Monday, April 18, 2011

Getting a "Light Bulb" Moment

(by Brianne Statz, CPDT-KA)

I don’t know what it is – maybe her lack of early training experience, maybe her part Husky-ness, or maybe she’s just not Lassie when it comes to the smarts department – but Finley can sometimes be quite difficult to train.

She knows basics like sit, down and stay, and she also knows quite a few tricks, like spin and twirl, wave, weave through my legs, etc. But most of the things she knows have been lured. Luring is when you take a treat (or something your dog is focused on) and move it around to get her to do something. For sit, you move the lure up and back over the dog’s head, and usually the butt goes down as the head goes up, and you have a sit. Finley (who even after having been a stray for at least 3 months was a little overweight when I adopted her) likes her food a lot, and she can be lured to do quite a bit, but when I ask her to think about things more, she often gives up and lies down with her head on the floor looking pathetic.

My most current example of this is working on teaching Fin to pick up a toy and put it in the basket (a trick my Aussie Payton learned in about 10 minutes). This behavior is a shaping process (rewarding approximations of the goal behavior). I had done several sessions with her that ended in frustration for me. She could take and drop the toy if I held it right over the basket, but that was about it – not a very impressive trick.

So I decided, rather than get irritated that she’s not as fast a learner as Mr. Smarty-Pants Aussie Payton, I asked myself how I could make it easier for her. I thought it might help to just get her to understand the concept that she has to carry the toy to a specific spot, rather than drop it (or fling it –that’s the Husky in her) anywhere she wants. So I took a piece of paper and put it on the floor and did a few repetitions of holding the toy over the paper, and asking her to take and drop, with the toy falling onto the paper. Then I took the leap and set the toy right next to the paper. Now she has to pick it up herself and drop it on the paper. This she also did fairly easily (but it could be done easily because the toy was very close to the paper). Then I moved on to placing the toy farther away from the paper. Here she was stumped a bit, as it involved a longer distance to carry the toy.

She made a few attempts, picking up and dropping the toy several times, and occasionally getting lucky and hitting the paper (click & treat!). Then, on one of these trials, she looked at me, then looked at the paper, then looked at the toy, and picked it up and carried it to the paper (click & Jackpot!). It very much seemed like a “light bulb moment”, when the dog finally understands something. Since these moments are very rewarding for me as a trainer, I just got reinforced for setting my dog up for success! I might have to repeat that behavior.

Tuesday, April 5, 2011

Take Time to Go On "Ear Watch"

(by Brianne Statz, CPDT-KA)

Being able to read your dog’s body language can be a very useful skill. It can clue you in to when your dog might be feeling anxious or fearful, excited, happy or relaxed. And sometimes being able to recognize body language early can help you keep your dog happy and calm.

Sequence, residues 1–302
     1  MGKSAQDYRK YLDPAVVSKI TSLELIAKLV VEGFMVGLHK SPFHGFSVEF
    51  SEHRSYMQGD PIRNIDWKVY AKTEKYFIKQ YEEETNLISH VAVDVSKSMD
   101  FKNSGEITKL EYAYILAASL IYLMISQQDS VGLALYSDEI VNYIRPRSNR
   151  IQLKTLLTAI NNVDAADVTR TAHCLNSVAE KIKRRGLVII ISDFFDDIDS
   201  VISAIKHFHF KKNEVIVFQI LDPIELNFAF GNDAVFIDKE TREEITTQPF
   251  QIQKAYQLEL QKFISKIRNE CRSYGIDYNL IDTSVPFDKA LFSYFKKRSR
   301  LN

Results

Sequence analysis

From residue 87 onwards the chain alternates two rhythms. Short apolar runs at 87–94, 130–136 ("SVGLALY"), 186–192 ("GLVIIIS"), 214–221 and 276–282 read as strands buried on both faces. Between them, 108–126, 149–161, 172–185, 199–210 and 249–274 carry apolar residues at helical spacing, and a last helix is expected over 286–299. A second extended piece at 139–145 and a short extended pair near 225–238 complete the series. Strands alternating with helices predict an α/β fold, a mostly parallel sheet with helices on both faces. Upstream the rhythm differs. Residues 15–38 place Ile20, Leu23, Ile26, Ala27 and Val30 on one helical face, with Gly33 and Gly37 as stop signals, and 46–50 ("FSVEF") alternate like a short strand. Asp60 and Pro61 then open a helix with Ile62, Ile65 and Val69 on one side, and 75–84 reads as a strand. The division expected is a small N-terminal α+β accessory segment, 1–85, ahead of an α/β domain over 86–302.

Some of the most expressive dog body parts are the ears. Different breeds obviously have very differently shaped ears, but the basics of ear positioning can still help you read your dog. Watch your dog at a time when he is obviously relaxed and notice the lack of tension in the ears. Compare this to how your dog’s ears look when you pick up his favorite toy – they probably come up and forward a bit, indicating some level of excitement or arousal. Contrast that to when you first come home to greet your dog – many dogs when greeting have “appeasing ears”, which means they are in a lower, softer position than normal. And if you have ever seen your dog very afraid, you may have seen the ears pointed back and plastered to his head.

These ear positions can be great indicators of your dog’s emotional state, and if you notice them, you can intervene when necessary. For example, my Australian Shepherd tends to get over-excited easily and can be reactive when he sees other dogs on walks. When we go for a walk, I watch his ears carefully, because they will often alert me to when he has spotted a dog that I might not have seen yet. If I see his ears go up and forward (aroused/excited), then I know to scan the environment, call him back to my side and reinforce for noticing the other dog without barking like a mad man. If I fail to notice the ears, he may get more and more aroused, and that might spill over into a reactive display.

He also gets very aroused when people he doesn’t know well come into his house. If I left it to him, an appropriate greeting would be to charge at them barking and jumping on them, crazily excited. Since most guests don’t appreciate that, I put him on leash and watch the ears. I reward him for looking at the guest with appeasing ears (the slightly back and lowered ears). When he is doing that, then he can greet the guest (with a toy in his mouth for those who don’t appreciate being licked).

While taking the whole of your dog’s body language into account is important, try going on ear watch for awhile and listen to what they’re telling you.